On special teams, though, Yeboah has an EXCELLENT grade of 86.7 from PFF on 114 snaps, 53 of them coming on kick returns and 40 coming on punt coverages. He officially recorded a solo tackle against the Eagles on the latter kind of play (after a very poor missed tackle by Hardee) when he forced Reagor out of bounds as the closest defender, though he wasn't the primary contributor to the end of the play really. It was the fact that he took a perfect angle that led to Reagor running out of bounds before any contact could be made that was the impressive part, not to mention his good blocking at the edge for Mann that kept the punter clean.
Though the Jets gave him some guaranteed money in his rookie season to sign him, there are no more guarantees in his contract. He costs $825 thousand and can be cut for no dead cap, though he will likely be kept around at least through training camp while the team evaluates what other undrafted free agents might be better fits for the team. He may even be able to make it into the preseason, though if the Jets are able to significantly upgrade the tight end position, his roster spot isn't secure enough to guarantee him lasting any longer than July. His special teams abilities alone are likely to get him back on the practice squad should he clear waivers, so maybe the Jets can get another season of development for him without having to dedicate a roster spot.
So, of these guys, I'd like to retain Griffin (on the pay cut) and Yeboah through the start of the preseason at a minimum, though their roster spots are far from guaranteed. I'd also like to bring both of them back on the practice squad if they don't make the roster but can clear waivers. Beyond them, though, this tight end room is in need of a serious upgrade. The Jets must bring in two new bodies at a minimum, possibly even three if Griffin intends to retire after this season or refuses to return at the lower contract.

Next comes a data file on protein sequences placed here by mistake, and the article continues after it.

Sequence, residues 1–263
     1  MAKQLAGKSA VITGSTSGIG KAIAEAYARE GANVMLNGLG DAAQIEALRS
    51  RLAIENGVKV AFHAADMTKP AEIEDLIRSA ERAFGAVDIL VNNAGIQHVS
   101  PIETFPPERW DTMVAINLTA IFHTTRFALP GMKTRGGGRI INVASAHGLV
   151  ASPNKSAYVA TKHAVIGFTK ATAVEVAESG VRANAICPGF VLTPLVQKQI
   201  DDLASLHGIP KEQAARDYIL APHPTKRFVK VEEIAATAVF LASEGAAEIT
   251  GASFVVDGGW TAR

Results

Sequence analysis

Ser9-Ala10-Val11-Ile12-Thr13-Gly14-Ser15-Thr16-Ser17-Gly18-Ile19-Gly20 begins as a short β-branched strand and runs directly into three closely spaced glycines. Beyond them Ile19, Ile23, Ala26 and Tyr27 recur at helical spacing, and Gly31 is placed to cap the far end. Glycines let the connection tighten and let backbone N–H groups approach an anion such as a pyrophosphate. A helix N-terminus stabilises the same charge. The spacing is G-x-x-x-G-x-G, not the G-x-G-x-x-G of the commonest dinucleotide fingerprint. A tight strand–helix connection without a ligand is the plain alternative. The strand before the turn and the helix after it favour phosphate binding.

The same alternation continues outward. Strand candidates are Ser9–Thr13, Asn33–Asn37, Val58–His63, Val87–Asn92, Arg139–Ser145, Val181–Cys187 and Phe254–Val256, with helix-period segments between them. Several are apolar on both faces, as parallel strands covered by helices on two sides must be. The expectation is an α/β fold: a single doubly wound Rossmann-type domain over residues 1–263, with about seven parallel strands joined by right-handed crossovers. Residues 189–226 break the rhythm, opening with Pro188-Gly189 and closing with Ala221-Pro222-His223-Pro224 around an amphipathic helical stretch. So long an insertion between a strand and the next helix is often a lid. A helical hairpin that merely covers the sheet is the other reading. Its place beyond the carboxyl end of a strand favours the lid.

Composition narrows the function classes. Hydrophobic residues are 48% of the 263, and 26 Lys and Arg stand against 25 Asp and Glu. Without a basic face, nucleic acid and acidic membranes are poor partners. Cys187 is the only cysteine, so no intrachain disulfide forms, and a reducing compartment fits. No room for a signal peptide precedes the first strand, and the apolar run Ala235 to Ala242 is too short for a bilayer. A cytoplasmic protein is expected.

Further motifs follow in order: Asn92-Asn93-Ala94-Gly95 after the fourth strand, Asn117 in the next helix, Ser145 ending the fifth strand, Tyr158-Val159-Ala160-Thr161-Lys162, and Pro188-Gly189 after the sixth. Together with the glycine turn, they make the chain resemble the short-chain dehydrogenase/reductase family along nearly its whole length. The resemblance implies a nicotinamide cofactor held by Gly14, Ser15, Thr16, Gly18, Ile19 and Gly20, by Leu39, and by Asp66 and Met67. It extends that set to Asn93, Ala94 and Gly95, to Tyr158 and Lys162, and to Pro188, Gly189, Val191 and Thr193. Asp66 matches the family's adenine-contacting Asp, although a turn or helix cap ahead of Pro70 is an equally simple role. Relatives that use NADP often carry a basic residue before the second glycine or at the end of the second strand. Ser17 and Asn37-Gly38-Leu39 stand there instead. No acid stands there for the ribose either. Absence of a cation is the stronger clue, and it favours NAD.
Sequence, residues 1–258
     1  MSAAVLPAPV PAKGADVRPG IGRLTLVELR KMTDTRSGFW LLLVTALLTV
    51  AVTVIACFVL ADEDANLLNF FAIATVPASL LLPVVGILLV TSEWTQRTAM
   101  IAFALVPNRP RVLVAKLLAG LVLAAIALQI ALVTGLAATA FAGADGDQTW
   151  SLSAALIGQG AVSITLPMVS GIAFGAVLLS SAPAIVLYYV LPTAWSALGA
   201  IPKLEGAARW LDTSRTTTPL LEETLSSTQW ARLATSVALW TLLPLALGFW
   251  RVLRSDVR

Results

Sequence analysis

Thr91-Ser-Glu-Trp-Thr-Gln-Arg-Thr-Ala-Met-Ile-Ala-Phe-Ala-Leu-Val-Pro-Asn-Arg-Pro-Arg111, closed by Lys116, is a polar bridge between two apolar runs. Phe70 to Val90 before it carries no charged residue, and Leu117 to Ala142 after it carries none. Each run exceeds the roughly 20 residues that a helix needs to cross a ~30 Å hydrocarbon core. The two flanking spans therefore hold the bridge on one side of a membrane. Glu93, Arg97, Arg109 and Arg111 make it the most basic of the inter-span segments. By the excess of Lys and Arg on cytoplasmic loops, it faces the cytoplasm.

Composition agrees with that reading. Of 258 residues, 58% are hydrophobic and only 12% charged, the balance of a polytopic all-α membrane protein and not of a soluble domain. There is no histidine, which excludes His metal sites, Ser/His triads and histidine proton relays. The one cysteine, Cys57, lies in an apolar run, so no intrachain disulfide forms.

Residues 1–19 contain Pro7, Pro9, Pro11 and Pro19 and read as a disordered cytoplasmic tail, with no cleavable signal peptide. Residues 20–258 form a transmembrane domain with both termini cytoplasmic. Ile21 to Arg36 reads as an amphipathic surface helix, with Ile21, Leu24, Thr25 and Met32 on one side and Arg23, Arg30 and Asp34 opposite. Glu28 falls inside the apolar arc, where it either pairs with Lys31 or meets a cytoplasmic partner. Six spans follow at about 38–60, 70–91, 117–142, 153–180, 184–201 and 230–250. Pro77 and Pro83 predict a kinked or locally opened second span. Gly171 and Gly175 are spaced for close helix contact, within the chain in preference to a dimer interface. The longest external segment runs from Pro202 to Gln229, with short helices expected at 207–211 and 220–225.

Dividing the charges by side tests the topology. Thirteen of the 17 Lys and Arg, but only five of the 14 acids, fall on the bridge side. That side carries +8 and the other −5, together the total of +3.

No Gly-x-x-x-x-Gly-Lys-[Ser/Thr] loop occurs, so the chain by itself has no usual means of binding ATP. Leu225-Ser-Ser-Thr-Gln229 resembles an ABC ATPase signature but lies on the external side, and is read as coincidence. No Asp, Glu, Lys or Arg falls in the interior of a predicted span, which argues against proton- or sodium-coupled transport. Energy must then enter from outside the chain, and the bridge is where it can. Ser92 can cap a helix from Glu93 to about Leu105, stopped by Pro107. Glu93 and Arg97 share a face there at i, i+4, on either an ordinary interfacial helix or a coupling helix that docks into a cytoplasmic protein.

I will first begin in free agency and list my three favorite options from two different tiers. Spoilers: my favorite options in the first tier are probably the same guys you've already considered as options, so I'm likely not offering unique opinions. For the first tier, the only guys that I consider off-limits are Rob Gronkowski (for obvious reasons) and Zach Ertz, who I believe will want to sign with a contender that can pay him (the Chargers, maybe?), but if the Jets are able to swing him for a multi-year contract, then shoot, I'll be happy. I'm making the assumption that all of these guys reach unrestricted free agency.